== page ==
All roads lead to Rome – part2 Posted by Serena on Jun 27, 2009 in Culture
The designers of the modern day autostrade obviously had a lot to live up to when they began work in the 1920s. A fair percentage of Italy’s 300,000 or so kilometers of roads still follows ancient Roman routes such as the Via Aurelia, Via Flaminia, and Via Appia. However, as we all know, the Romans liked straight lines, preferably across plains, and the Italian peninsula, being a very mountainous region obviously presented them with severe limitations. The modern Italian engineers however were less daunted by these problems, having at their disposal new techniques, materials, and machines.
Let’s take as an example the Aurelia. Initiated in 241 B.C. by Aurelius Cotta the Via Aurelia originally ran north from Rome to Livorno which is on the coast near Pisa. The modern day road, which still follows the original Roman route, is designated on maps as the SS1 (Strada Statale 1 = State Road 1), although it is still more commonly known as L’Aurelia. From Rome to Livorno the Aurelia or SS1 is a reasonably quiet dual carriageway running along the coastal plain. A bit further north however the landscape becomes mountainous with sheer cliffs dropping down to the Mediterranean sea. This area is called Liguria, and to traverse it towards Genova and eventually into France would take a lifetime if it wasn’t for the modern day equivalent of the Via Aurelia: the A12 Autostrada also known as the Autostrada Azzurra (Blue motorway). The A12 really is a wonder of modern engineering, endless kilometers of highway which alternates between breathtaking viaducts and gallerie (tunnels). It is also one of my least favorite motorways to drive on, the combination of tunnels, curves, and long windy bridges making it not exactly the most relaxing of drives. However, when I’m not gripping the wheel or gesticulating at the usual mad motorists who insist on driving ‘Formula One’ style, I occasionally have the opportunity to marvel at the achievement of those who designed and constructed this incredible highway. Every now and then when one emerges from the gloom of yet another tunnel into the glare of the sun (sunglasses on, sunglasses off etc. etc.) you catch a stunning scorcio (glimpse) of green and azure, the macchia mediterranea (Mediterranean Vegetation) set against a shimmering backdrop of sea, but don’t get too carried away because here’s another tunnel with a nasty curve in it, watch out!, what’s this idiot doing now ‘ma vaxxxxxxx!’ (unprintable swearword that comes in very useful when driving in Italy!).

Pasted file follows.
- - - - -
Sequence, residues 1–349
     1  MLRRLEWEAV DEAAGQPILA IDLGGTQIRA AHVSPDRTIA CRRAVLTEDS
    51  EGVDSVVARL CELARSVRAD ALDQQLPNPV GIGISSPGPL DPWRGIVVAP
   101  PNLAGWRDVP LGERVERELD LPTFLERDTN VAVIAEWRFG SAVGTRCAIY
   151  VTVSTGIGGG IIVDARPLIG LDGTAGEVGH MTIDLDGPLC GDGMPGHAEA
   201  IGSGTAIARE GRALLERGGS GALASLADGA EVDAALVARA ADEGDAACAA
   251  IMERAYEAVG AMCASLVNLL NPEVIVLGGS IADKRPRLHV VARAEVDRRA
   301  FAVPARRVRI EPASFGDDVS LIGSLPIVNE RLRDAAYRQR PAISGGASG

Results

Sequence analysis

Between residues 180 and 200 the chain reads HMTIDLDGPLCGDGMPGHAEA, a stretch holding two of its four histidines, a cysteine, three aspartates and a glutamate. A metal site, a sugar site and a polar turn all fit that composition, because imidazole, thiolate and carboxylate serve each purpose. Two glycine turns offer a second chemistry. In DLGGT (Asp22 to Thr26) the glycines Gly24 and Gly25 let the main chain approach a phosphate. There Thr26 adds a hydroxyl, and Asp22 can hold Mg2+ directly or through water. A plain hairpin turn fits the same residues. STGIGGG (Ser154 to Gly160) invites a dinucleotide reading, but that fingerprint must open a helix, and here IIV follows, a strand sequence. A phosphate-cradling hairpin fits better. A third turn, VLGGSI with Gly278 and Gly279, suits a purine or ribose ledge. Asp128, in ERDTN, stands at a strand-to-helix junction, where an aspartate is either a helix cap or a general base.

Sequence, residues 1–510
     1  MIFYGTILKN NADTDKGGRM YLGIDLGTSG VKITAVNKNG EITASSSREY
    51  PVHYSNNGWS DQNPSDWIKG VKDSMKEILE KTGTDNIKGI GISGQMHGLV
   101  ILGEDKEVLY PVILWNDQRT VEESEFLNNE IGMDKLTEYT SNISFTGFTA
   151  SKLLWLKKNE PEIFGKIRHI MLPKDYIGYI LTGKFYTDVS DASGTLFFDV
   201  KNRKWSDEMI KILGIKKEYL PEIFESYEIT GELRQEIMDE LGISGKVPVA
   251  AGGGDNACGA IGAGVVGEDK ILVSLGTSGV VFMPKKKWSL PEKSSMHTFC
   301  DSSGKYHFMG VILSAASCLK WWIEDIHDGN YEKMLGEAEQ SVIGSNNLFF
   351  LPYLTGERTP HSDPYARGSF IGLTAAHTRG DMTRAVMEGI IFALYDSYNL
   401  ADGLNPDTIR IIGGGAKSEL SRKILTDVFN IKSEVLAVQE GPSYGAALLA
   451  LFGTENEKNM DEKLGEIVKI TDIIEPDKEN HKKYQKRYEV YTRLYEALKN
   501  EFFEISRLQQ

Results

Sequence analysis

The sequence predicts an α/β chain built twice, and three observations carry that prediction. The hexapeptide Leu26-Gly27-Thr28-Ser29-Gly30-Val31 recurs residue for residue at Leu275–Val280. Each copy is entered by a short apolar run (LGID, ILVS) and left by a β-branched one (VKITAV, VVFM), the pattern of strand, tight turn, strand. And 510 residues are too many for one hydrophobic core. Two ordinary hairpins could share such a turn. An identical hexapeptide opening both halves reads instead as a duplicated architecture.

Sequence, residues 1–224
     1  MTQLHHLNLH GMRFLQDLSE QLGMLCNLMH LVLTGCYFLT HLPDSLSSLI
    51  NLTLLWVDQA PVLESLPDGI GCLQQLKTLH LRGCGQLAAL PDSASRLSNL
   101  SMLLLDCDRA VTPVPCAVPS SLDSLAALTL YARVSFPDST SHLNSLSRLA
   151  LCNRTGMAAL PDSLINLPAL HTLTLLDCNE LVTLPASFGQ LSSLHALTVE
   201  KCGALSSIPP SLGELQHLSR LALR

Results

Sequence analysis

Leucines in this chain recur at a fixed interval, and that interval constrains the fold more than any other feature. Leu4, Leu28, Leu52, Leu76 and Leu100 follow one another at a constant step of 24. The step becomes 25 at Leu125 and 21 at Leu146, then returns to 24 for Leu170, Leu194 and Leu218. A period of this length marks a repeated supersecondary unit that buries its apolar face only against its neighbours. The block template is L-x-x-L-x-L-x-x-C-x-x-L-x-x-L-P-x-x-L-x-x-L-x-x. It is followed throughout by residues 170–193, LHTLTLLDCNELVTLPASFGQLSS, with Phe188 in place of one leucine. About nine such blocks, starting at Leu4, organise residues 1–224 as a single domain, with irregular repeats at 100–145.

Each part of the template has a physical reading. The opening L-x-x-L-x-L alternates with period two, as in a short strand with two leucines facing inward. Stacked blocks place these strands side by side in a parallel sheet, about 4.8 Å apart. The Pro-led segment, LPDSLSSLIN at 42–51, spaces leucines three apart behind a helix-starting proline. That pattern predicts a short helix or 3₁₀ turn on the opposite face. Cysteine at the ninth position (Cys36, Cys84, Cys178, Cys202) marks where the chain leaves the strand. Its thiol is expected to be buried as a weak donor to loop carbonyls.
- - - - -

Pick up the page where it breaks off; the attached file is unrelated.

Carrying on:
All this excitement and entertainment doesn’t come free however. To get onto the autostrada you have to pass through the casello (toll booth) where you take un biglietto (a ticket). When you leave the autostrada you pass through another casello where you either present your biglietto to the cassiere (cashier) who will tell you how much the pedaggio (toll) is, or put it into a machine which also tells you the cost in a very nice female recorded voice and collects your money in a slot. In fact my husband is so taken by the voice of our local ticket machine that he has even threatened to go there one evening to chat it up! ‘It’s the way she said arrivederci’ he said, ‘I think she really meant it’.
For those who are too busy, or lazy to do the ticket bit there is also the telepass option which involves having a battery powered OBU, or ‘on board unit’ mounted on your cars windshield. The OBU communicates with an electronic device at the casello and automatically debits your account for the correct amount. There is no discount for telepass users, it simply saves you stopping at the casello and getting your hand cold in the winter when you have to open the window to take a ticket.
The autostrade are generally well maintained, fast (perhaps too fast) and have frequent rest and service areas. Unfortunately they are also pretty expensive. To visit my parents in Lucca for example, a distance of about 100 km (62 miles) costs us 16 euros return in tolls alone, then there’s the benzina (petrol) on top of that. However the alternative is a two and a half hour drive each way along windy roads and through endless little towns at about 50 km per hour (30 mph), forget it!
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